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Visitation trouble in Texas (filing a contempt of court motion, etc)

This is a discussion on Visitation trouble in Texas (filing a contempt of court motion, etc) within the Child Custody & Support forum, part of the FAMILY LAW, DIVORCE, CUSTODY category; Hello, Basically, my sons mother has decided that she will abide by the court order only as she sees fit. ...

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Old Oct 13th, 2011, 04:47 PM   #1
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Confused Visitation trouble in Texas (filing a contempt of court motion, etc)

Hello,
Basically, my sons mother has decided that she will abide by the court order only as she sees fit. I have, and continue to follow the order to a T. I haven't filed for contempt in the past, though I should have, but I am past the point of civility. I have every 1st,3rd, and 5th weekends for visitation, as well as every thursday evening. He often has football practice or cub scouts on thursday, and I have always given that time up so that he can enjoy these things. However, she recently decided he would skip practice to go with her to look at a dog to buy. I told her if he isn't going to practice, then he needs to be with me. She has all the time she needs to take him to do things with her, and my time is very limited. She basically told me tough sh*t, and in exact words said I will not get to see him.
Does anyone know any details on filing a contempt of court motion, cost, effectiveness, etc?
I do not like going to court over these things and have held my tongue in the past. I have very few rights, and refuse to have them impeded by someone who is simply above them, in her own mind.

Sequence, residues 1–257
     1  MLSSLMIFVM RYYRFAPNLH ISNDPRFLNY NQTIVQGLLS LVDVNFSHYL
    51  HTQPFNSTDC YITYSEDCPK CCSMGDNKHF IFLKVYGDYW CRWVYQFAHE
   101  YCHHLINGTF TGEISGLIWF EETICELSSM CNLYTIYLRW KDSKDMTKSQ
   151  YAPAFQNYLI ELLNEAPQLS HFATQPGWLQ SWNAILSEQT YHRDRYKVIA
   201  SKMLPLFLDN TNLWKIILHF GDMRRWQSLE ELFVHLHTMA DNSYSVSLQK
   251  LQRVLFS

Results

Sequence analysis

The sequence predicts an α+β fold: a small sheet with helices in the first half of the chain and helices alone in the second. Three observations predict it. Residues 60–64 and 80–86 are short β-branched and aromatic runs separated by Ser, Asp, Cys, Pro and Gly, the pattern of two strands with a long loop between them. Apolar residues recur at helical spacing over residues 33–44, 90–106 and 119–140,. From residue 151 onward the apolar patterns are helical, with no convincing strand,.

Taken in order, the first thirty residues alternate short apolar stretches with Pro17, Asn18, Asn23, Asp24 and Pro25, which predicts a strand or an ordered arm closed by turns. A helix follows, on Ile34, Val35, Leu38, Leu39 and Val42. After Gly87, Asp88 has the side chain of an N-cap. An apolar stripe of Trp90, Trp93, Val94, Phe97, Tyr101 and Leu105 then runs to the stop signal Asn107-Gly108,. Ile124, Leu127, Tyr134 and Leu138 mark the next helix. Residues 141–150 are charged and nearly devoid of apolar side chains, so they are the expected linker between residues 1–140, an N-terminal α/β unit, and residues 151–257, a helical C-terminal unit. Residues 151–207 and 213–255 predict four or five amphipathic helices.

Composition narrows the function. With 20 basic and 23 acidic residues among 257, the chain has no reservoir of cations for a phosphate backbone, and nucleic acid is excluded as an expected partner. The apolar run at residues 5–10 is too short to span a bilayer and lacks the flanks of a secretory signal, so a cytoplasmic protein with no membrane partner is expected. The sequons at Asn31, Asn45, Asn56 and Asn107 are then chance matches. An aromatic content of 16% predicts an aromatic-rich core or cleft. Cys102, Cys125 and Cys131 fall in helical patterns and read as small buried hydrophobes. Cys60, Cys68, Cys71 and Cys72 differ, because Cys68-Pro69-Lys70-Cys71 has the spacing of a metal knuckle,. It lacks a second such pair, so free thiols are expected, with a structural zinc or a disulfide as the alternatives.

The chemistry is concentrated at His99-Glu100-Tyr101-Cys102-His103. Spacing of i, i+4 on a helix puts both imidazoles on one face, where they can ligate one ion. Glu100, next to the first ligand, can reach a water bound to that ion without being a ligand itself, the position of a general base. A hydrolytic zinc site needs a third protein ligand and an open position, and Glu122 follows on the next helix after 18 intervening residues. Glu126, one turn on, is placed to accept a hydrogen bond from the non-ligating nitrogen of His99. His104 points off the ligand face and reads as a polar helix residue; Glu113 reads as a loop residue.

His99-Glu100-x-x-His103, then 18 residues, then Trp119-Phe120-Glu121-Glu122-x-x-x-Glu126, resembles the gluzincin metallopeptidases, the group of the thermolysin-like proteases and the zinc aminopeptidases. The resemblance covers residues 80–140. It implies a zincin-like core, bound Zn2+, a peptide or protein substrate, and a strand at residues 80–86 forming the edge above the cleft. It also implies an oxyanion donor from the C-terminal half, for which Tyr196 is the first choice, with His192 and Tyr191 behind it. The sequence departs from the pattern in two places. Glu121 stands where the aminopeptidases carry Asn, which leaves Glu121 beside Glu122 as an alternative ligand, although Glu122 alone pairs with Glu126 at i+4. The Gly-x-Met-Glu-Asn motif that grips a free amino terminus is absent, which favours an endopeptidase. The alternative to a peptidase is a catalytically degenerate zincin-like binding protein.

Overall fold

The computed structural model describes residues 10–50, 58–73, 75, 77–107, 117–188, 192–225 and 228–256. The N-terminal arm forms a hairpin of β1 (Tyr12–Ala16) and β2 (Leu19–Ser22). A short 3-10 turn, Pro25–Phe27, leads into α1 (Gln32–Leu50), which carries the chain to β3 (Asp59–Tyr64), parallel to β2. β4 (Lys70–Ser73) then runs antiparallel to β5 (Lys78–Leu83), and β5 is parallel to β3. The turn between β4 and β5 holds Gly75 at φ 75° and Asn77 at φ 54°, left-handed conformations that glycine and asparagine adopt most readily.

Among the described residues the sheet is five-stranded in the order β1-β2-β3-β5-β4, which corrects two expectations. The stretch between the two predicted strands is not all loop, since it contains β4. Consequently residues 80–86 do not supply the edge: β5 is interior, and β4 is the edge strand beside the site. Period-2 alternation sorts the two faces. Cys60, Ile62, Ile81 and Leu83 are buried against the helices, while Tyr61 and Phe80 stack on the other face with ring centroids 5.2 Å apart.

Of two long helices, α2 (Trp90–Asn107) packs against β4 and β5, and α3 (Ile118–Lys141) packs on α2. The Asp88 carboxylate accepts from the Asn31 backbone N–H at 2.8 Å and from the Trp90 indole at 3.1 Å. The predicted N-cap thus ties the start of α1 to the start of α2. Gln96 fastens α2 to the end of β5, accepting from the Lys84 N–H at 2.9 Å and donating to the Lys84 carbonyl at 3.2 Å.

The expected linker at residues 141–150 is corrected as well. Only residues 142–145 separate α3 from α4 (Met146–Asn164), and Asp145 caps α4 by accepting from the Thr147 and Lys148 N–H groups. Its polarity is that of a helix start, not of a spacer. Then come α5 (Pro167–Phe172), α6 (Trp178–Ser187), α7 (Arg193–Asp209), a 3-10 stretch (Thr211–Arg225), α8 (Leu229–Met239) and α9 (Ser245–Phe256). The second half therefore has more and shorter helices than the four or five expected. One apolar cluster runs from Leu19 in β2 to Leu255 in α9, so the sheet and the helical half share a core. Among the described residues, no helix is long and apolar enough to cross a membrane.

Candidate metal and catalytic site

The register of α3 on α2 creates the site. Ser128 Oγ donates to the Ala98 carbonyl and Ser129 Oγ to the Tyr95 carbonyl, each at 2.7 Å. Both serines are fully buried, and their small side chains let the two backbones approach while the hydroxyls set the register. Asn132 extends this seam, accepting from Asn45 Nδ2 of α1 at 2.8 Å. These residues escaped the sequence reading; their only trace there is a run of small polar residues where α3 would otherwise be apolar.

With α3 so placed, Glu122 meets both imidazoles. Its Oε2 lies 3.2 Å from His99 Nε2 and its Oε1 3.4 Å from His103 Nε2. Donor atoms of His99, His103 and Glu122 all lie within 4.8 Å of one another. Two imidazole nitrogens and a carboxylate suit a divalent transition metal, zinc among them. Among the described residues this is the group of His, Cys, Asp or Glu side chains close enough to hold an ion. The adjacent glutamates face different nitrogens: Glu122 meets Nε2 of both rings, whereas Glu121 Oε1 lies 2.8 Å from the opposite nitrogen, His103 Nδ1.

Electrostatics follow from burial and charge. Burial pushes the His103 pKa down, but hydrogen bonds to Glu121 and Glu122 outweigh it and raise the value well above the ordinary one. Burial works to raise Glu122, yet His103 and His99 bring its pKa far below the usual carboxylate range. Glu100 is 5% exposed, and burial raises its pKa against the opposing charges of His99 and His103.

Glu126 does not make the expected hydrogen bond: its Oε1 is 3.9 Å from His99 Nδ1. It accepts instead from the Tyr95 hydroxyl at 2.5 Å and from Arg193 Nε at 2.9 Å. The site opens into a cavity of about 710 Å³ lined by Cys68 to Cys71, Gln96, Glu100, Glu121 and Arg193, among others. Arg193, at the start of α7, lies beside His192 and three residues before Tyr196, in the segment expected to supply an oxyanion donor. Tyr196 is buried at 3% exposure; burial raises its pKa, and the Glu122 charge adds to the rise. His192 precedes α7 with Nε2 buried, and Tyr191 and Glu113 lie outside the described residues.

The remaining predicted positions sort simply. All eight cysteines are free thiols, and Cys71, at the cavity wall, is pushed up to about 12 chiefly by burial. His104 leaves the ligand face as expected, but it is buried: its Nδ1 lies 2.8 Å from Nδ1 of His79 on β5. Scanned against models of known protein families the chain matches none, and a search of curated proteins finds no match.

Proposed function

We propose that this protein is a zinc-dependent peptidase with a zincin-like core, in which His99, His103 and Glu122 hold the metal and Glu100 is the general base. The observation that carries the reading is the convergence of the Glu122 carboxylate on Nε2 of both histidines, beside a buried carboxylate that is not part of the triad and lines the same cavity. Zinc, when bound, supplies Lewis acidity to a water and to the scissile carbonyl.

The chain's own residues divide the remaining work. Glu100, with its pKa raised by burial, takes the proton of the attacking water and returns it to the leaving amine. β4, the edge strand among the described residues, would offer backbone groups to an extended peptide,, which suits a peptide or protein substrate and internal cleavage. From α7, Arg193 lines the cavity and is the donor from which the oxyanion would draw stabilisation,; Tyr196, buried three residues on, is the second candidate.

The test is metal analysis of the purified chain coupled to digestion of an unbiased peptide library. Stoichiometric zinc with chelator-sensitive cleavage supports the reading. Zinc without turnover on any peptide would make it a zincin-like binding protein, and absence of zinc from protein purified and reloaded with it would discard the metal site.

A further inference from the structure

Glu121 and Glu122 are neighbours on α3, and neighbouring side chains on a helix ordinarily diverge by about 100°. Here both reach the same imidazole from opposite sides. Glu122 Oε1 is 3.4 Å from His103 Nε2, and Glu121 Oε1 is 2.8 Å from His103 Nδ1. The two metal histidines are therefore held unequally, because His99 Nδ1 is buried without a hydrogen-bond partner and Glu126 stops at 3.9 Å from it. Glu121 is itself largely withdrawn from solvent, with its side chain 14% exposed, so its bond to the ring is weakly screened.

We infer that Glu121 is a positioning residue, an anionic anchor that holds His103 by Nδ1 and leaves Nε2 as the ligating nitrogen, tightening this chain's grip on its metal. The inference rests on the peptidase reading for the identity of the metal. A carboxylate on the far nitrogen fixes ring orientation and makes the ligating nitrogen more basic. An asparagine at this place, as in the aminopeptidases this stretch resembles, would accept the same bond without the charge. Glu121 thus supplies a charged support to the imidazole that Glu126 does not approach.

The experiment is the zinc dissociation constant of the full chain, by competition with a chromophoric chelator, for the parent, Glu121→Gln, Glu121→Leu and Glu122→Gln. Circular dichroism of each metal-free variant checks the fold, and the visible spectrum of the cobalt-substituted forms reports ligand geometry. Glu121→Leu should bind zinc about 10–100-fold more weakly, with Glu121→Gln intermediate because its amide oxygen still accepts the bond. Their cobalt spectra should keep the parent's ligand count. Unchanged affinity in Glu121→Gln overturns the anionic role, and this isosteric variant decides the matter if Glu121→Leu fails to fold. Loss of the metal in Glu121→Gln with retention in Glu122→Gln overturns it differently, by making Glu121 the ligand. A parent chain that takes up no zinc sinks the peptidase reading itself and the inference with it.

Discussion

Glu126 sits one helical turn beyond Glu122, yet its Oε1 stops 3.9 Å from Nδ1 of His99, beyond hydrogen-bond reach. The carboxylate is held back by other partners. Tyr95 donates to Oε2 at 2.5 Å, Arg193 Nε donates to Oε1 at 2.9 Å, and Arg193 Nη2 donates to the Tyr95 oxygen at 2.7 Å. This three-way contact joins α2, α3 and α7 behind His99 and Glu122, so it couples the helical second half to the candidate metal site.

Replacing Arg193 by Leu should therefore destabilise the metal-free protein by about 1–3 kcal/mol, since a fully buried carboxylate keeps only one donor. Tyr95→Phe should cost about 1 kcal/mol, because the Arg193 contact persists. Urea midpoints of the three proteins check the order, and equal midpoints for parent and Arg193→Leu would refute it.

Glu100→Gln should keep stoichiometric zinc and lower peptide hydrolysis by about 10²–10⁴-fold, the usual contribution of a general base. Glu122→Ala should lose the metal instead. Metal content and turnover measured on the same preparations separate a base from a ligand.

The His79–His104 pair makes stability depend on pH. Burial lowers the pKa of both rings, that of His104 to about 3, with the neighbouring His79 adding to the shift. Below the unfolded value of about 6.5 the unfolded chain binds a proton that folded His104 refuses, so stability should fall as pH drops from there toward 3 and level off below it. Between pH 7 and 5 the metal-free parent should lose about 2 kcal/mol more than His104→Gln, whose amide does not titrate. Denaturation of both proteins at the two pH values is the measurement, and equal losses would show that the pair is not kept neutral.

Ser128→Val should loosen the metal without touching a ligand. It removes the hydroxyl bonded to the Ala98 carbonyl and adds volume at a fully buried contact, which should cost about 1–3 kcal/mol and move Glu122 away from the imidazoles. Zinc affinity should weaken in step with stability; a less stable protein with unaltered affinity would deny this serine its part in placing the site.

Thanks in advance.
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Old Oct 14th, 2011, 01:18 AM   #2
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Default re: Visitation trouble in Texas (filing a contempt of court motion, etc)

When a court order is disobeyed a motion of contempt of court can be filed. You can file the motion in the court which entered the order. Most probably there is no need for a fresh filing fee as this is the continuation of an existing case, but you have to incur basic fees of photocopies and mailing to parties.
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Old Oct 14th, 2011, 05:10 PM   #3
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Default re: Visitation trouble in Texas (filing a contempt of court motion, etc)

Cost effectiveness of a motion for contempt of court? If your blood pressure, your son's ability to spend predictable time with you mean anything at all, it is cost effective.

You would bring the motion in the original case where the custody visitation decree was ordered. It would be technically a motion to show cause why she should not be held in contempt of court. For violation of court orders attorneys fees can be awarded. I would seek counsel of the attorney who handled your case or if you appeared initially pro se, seek advice of a family law attorney in your city to see about representing you.

If your ex gets away with dictating her own terms and conditions, violating the court's order, without any consequences, you and your son can only look forward to more of the same. This is harmful to the child,too, who counts on spending predictable time with his dad. My advice is to bring the motion. With luck, you may get the same judge who issued the order. Judges do not like to see people contravene their orders.